Author: Lynn Vigo, MSW, LICSW

Mindful Monday – Critical Thoughts and Self-Compassion

Coffee-with-views-of-the-rainCritical Thoughts and Self-compassion

Insecurity often underlies critical thoughts and in our achievement-oriented world, it’s easy to feel as if we don’t measure up. If a core belief at the heart of critical thoughts is that we are “not good enough”, it could be that we’re using an unrealistic measure of our worth. If in our mind’s eye, we associate perfection with what we “should be” then we set ourselves up for disappointment. It’s fine to have goals and ambitions but we shouldn’t make self-acceptance dependent on them. Read full post »

Whose CHOICE is it Anyway?

dandelionI’m so confused.

As the parent of someone with autism, being confused is not new to me. Autism is confounding for the best and brightest among us. Just ask the top researchers and providers in the field. And with few solid answers, questions abound.

Old questions persist about what causes autism and what the best-fitting treatment is for each child. It seems we’ve moved past some of the early controversy about what causes autism and have separated the “wheat from the chaff” when it comes to evidence-based treatment. With advances in genetics, we’re getting closer to being able to target treatment to a child’s unique profile.

With broadening of diagnostic criteria to include those “on the milder end of the spectrum” came new questions about whether autism is a disability or a personality difference. Some self-advocates declared themselves “autistics” and turned people-first language upside down while others voiced that their Read full post »

Mindful Monday – Think Before You…

Think Before You . . . Speak, Text, Email, Tweet

Seems today the old saying “think before you speak” needs updating to include reply all, text, tweet, etc. It’s so easy to fire off words without giving them much forethought. Another old adage, “If you don’t have anything nice to say, don’t say it” also seems to have gone by the wayside (which I think is an idiom).

We now have the ability to deliver lightning-fast replies and feel a sense of accomplishment when we get those pesky emails and texts out of the way. Do you ever go back and read what you’ve sent? Ever catch a typo (thanks, autocorrect) or realize that your quick words might not have captured what you intended to say or might be confusing. Ever get a reply text that only says, “?” meaning, “I have no idea what you’re talking about”.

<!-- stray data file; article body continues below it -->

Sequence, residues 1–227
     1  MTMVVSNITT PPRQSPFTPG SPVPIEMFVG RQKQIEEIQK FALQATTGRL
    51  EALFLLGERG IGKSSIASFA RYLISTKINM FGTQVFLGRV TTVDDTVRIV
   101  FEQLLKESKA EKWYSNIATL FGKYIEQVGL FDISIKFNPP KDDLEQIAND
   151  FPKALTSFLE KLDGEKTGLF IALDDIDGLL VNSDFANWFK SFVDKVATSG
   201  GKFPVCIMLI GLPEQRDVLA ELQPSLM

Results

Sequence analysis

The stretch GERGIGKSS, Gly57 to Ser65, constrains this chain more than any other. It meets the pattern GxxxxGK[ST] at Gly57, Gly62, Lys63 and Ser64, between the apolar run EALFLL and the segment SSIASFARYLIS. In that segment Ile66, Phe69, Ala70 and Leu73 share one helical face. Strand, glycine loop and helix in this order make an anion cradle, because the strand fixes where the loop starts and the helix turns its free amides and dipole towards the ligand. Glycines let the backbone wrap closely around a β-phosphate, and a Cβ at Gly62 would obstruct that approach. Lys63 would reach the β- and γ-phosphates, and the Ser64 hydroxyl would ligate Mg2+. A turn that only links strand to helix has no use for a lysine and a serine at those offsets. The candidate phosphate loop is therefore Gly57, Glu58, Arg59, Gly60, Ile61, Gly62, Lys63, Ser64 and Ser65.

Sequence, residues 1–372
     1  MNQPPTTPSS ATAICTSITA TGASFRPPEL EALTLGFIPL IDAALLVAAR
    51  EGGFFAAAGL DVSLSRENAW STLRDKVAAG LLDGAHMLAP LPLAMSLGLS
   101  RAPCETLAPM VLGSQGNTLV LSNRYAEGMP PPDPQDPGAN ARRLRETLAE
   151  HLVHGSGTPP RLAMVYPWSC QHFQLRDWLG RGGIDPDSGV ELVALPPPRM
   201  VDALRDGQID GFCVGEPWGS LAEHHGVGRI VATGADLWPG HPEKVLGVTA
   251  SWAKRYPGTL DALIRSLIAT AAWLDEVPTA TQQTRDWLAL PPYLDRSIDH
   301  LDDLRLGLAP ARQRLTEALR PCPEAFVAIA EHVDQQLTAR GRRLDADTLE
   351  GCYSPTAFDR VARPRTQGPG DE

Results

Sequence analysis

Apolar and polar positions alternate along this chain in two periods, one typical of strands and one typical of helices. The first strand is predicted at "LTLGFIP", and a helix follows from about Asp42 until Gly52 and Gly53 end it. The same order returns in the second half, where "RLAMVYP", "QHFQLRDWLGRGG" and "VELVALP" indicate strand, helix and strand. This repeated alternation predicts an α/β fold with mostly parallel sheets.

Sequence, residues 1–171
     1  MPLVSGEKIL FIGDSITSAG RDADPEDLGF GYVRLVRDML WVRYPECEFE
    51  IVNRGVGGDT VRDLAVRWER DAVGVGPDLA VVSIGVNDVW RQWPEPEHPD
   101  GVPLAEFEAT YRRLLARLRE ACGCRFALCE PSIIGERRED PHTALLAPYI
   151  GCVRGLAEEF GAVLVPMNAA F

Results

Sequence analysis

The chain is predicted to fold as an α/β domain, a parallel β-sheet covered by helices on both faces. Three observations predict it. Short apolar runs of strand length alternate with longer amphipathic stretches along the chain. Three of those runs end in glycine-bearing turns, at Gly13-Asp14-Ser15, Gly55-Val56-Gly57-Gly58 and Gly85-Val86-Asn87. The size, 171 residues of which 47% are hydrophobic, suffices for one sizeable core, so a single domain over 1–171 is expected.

With in-person conversations, do you ever feel a need to fill a pause rather than let the silence be? May be that at times, working in a service profession as we do, we feel uncomfortable with the quiet, Read full post »

A Day in the Life of an Autism Center Scheduler

Most parents are familiar with the direct service providers who work at our center but have not met those who work “behind the scenes”. Arguably the busiest people in the building, our schedulers are the ones who keep this place running. Today we take an inside look at what this critical role entails and answer a few questions we get about scheduling.

First, let’s introduce you to Ingrid, Andrea, Kira and David, the Fearless Four:

SchedulersThe day starts with taking messages off voice mail including any from providers calling out sick. The team huddles to determine the day’s priorities such as ASAP-rescheduling for sick providers or calling to see if anyone can take a last-minute-cancelation appointment. Our goal is to not have any holes in the schedule. Of an eight hour day, about five are spent on the phone calling those on our waiting list, returning calls, and fielding questions about what can be expected in an appointment. Calls also are made to schedule families for our monthly First Steps and Next Steps classes and prep is done for our Autism 101 and Autism 200 series. Read full post »

Resilience – What is it and Why Does it Matter?

We hear a lot about “resilience” among those who live with chronic adversity. What exactly does this mean and why does it matter? Two veteran parents/providers take a look at this topic as it pertains to parents of children with special needs.

Therese and Lynn are moms of adult daughters with special needs. Therese’s daughter, Sabah, is now 32 so she has had many years to reflect on how parents build resilience in the face of adversity. She recalled the early years when she felt the guilt that many moms feel and her focus was on “fixing her” with many therapies and interventions. At the time, she wasn’t aware that she was grieving but she was. She wondered “why me” but also thought “why not me?” It was in Sabah’s teenage years that Therese shifted the focus to her quality of life. One thing that helped was that her family never did treat Sabah as disabled and always included her wherever they went. Therese also always had expectations of her daughter, not by any other yardstick but her own, meaning that she knew she could learn and grow toward whatever her capacity might be. Read full post »